Kultur in the City - A cultural festival in the middle of the city
1. Mannheim and culture
Mannheim is a blueprint for modern urban societies. With a high percentage of migrant population and constituted by a diverse society, the city has committed to a culture of “emotional and social stabilization” to keep a society resilient even in times of crisis. In this regard, it is open to new influences and acts as a role model for peaceful coexistence for over 170 nations. Also, in 2014, the United Nations awarded Mannheim the title of “UNESCO City of Music”.
2. Project goals and implementation
2.1. Main goal and specific objectives
The general aim is to lead distance and differences through culture on the path of commonalities and dealing with the others otherness. For this, a space for encounters, exchange and creativity was created. Everyone was welcomed, regardless of their social status, because all people need and have the right to access and take part in culture.
The general aim is to lead disctance and differences through culture on the path of commonalities, as well as dealing with the others otherness through a space for encounters, exchange, and creativity.
2.2. Project development
“Culture in the City” is an open-air festival, which was created during the peak of Covid-19 to continue making culture accessible. It involved cooperation with many cultural actors, 20 volunteers, 84 artists from the city and from different disciplines performed on 17 evenings.
The project consisted of three phases:
- Applying for money from a state government culture fund, curating and booking the artists, technicians and the stage.
- Implementation with the help of many volunteers.
- Evaluation and planning for the next few years.
This initiative was placed in the middle of the city, freely accessible (there was no entry fee) and visible to all, becoming an oasis for citizens and artists. Thus, the festival focused on socially disadvantaged people and those who otherwise had little or no access to culture due to long distances (the elderly and disabled) or their social and financial background.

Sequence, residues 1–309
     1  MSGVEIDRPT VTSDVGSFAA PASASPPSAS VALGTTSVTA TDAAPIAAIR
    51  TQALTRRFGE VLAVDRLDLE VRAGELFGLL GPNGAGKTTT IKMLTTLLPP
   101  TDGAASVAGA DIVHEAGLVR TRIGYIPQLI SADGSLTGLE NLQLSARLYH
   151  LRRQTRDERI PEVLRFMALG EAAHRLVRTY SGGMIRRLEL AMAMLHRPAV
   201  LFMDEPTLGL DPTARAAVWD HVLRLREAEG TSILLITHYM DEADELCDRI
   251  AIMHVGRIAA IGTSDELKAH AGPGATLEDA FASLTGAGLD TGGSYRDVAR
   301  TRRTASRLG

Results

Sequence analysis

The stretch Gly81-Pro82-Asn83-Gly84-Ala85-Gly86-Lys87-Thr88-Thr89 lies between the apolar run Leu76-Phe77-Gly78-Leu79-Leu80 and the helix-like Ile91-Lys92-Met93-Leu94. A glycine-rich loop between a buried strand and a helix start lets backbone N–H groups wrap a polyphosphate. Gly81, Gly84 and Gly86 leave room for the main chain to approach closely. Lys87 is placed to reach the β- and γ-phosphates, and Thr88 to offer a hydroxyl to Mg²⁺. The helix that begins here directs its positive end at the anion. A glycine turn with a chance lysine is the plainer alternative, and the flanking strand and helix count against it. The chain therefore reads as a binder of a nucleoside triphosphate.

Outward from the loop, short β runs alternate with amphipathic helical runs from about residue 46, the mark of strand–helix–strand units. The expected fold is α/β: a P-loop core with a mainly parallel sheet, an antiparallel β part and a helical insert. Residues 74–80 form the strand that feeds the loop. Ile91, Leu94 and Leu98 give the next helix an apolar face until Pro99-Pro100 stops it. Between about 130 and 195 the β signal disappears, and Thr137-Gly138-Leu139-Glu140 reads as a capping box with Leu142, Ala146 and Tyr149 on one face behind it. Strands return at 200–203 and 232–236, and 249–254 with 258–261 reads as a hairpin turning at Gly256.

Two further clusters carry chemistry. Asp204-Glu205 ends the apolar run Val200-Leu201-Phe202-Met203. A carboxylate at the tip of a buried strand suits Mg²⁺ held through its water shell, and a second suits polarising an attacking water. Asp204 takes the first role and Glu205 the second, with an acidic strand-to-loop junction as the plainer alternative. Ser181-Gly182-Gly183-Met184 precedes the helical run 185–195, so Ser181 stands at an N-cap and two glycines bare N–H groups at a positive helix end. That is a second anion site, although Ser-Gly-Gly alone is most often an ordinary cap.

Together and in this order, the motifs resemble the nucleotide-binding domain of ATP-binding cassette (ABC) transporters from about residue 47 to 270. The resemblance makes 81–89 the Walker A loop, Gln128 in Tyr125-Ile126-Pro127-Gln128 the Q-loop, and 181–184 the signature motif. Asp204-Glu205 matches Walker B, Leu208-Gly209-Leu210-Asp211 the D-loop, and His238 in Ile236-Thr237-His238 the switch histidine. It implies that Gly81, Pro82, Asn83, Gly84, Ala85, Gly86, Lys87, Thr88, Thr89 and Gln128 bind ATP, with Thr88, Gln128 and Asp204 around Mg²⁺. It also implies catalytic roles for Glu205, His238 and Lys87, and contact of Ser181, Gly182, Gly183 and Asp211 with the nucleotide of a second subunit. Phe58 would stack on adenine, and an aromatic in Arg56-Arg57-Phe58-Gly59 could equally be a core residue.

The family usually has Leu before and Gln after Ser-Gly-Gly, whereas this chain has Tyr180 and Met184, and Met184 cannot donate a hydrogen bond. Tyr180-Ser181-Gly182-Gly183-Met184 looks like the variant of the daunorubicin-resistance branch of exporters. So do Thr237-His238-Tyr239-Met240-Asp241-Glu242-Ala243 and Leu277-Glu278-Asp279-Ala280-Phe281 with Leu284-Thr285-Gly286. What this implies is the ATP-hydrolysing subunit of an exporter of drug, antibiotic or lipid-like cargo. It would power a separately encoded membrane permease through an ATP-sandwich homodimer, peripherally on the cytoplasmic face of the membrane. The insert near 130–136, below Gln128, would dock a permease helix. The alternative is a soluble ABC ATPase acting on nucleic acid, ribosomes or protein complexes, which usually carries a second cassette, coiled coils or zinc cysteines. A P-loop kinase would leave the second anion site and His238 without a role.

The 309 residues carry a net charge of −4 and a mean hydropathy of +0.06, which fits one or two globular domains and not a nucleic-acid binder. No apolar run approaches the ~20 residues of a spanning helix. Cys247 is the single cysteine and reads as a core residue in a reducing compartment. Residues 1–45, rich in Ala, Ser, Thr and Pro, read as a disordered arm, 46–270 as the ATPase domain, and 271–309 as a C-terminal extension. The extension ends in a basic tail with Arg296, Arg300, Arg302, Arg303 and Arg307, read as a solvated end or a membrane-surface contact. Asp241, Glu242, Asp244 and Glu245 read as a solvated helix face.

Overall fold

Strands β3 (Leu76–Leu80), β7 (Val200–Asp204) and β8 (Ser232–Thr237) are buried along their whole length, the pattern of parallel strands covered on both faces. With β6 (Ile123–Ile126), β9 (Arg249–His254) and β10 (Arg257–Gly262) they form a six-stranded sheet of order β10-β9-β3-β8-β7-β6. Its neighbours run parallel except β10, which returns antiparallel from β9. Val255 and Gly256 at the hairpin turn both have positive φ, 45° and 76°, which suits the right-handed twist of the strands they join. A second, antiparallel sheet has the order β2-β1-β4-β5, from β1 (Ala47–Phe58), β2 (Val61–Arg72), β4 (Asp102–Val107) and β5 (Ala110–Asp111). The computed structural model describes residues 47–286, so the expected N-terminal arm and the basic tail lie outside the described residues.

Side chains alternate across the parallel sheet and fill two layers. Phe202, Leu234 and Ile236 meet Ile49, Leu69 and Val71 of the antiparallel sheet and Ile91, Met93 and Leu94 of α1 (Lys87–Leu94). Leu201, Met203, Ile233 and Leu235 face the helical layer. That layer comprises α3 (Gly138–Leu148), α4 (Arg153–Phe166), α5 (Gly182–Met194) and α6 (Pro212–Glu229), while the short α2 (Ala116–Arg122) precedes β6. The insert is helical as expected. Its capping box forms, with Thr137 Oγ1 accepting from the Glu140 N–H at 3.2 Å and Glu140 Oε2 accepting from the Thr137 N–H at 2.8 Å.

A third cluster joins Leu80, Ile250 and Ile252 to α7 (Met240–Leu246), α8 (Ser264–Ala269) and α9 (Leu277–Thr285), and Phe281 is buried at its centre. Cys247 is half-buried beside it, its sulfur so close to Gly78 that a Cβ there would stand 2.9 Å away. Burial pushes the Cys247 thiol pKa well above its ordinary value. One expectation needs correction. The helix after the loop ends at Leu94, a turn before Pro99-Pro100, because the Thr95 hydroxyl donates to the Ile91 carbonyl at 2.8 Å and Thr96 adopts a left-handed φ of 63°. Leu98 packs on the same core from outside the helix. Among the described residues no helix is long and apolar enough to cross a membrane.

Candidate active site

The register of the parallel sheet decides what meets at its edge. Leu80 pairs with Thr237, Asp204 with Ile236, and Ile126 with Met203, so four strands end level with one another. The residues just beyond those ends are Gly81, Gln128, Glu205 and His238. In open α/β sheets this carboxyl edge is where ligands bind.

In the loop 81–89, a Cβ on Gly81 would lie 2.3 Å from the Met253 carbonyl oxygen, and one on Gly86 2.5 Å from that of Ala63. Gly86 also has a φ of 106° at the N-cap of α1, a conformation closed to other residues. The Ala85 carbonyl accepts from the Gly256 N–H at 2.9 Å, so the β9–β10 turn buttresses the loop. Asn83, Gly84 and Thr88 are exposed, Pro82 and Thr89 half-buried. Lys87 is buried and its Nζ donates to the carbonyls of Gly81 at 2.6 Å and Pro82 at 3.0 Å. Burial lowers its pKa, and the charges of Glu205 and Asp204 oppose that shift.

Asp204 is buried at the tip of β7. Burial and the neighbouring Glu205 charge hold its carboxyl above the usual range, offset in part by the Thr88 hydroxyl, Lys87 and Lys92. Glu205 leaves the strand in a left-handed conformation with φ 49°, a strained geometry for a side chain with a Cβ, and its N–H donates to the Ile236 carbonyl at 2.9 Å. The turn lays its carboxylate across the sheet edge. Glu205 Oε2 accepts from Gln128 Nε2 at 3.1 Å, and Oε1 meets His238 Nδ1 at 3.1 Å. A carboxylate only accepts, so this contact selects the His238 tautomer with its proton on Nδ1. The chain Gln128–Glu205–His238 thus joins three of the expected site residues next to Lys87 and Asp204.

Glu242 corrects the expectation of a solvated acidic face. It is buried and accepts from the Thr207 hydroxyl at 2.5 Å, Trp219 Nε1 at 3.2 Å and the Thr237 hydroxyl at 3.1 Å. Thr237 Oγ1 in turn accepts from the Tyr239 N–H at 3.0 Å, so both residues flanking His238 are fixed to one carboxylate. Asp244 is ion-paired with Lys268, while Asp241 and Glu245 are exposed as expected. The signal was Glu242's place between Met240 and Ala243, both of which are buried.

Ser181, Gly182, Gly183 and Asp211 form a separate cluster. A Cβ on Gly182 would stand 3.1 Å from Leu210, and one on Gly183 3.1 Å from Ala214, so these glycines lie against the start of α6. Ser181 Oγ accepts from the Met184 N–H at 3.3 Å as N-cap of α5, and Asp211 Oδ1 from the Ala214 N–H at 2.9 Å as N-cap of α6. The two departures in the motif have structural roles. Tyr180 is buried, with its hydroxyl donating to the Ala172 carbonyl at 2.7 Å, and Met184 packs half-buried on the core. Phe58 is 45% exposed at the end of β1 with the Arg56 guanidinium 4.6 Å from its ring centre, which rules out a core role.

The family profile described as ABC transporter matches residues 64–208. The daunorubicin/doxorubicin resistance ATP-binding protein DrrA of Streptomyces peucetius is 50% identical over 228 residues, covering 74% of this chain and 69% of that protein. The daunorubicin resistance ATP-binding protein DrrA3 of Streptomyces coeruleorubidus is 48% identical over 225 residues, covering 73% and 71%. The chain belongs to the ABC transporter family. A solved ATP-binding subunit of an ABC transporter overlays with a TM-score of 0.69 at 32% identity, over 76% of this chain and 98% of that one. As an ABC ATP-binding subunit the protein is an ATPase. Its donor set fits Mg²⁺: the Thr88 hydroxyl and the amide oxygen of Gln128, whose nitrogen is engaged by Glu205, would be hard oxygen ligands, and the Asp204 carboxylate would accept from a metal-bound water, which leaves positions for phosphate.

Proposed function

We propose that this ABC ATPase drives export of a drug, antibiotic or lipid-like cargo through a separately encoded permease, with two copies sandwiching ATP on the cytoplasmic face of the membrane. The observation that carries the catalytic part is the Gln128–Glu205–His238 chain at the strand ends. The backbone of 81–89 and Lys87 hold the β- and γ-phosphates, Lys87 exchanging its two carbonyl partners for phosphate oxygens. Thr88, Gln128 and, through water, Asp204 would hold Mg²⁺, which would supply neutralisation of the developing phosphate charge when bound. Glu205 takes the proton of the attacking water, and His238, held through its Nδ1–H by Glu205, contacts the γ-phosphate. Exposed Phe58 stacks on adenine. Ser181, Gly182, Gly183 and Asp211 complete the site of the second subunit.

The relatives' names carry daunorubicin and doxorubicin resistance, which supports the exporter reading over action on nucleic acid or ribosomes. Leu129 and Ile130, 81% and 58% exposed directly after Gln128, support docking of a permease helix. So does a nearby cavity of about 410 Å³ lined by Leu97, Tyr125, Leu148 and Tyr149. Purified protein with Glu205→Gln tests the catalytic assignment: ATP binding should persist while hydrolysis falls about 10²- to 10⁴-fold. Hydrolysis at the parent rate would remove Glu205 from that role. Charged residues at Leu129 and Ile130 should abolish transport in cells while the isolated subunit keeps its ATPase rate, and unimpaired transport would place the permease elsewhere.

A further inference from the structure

In the open, wide garden of a church, the city came alive experiencing culture, as well as the diverse artistic spectrum that characterizes Mannheim as a City of Music, with music of different styles and cultures, readings, theater and more. People were invited to come together on chairs, benches or picnic blankets.
The project was significantly supported by the regional press and the employees of the cultural office. The cooperation between many different municipal cultural institutions as well as the cultural office and the church also constituted an important foundation, and the entire project was closely monitored by the employees of the Mannheim Cultural Office.
The festival was funded by the Culture Summer 2020 impulse program of the Baden-Württemberg Ministry of Science, Research and the Arts (38.800€) and donations made by the audience and private persons. These aspects and the close cooperation with other actors in this city led to an increase in knowledge in our association, a strong identification of the volunteers, the artists and the public with their city as a cultural space and place of opportunity, even if external circumstances are difficult.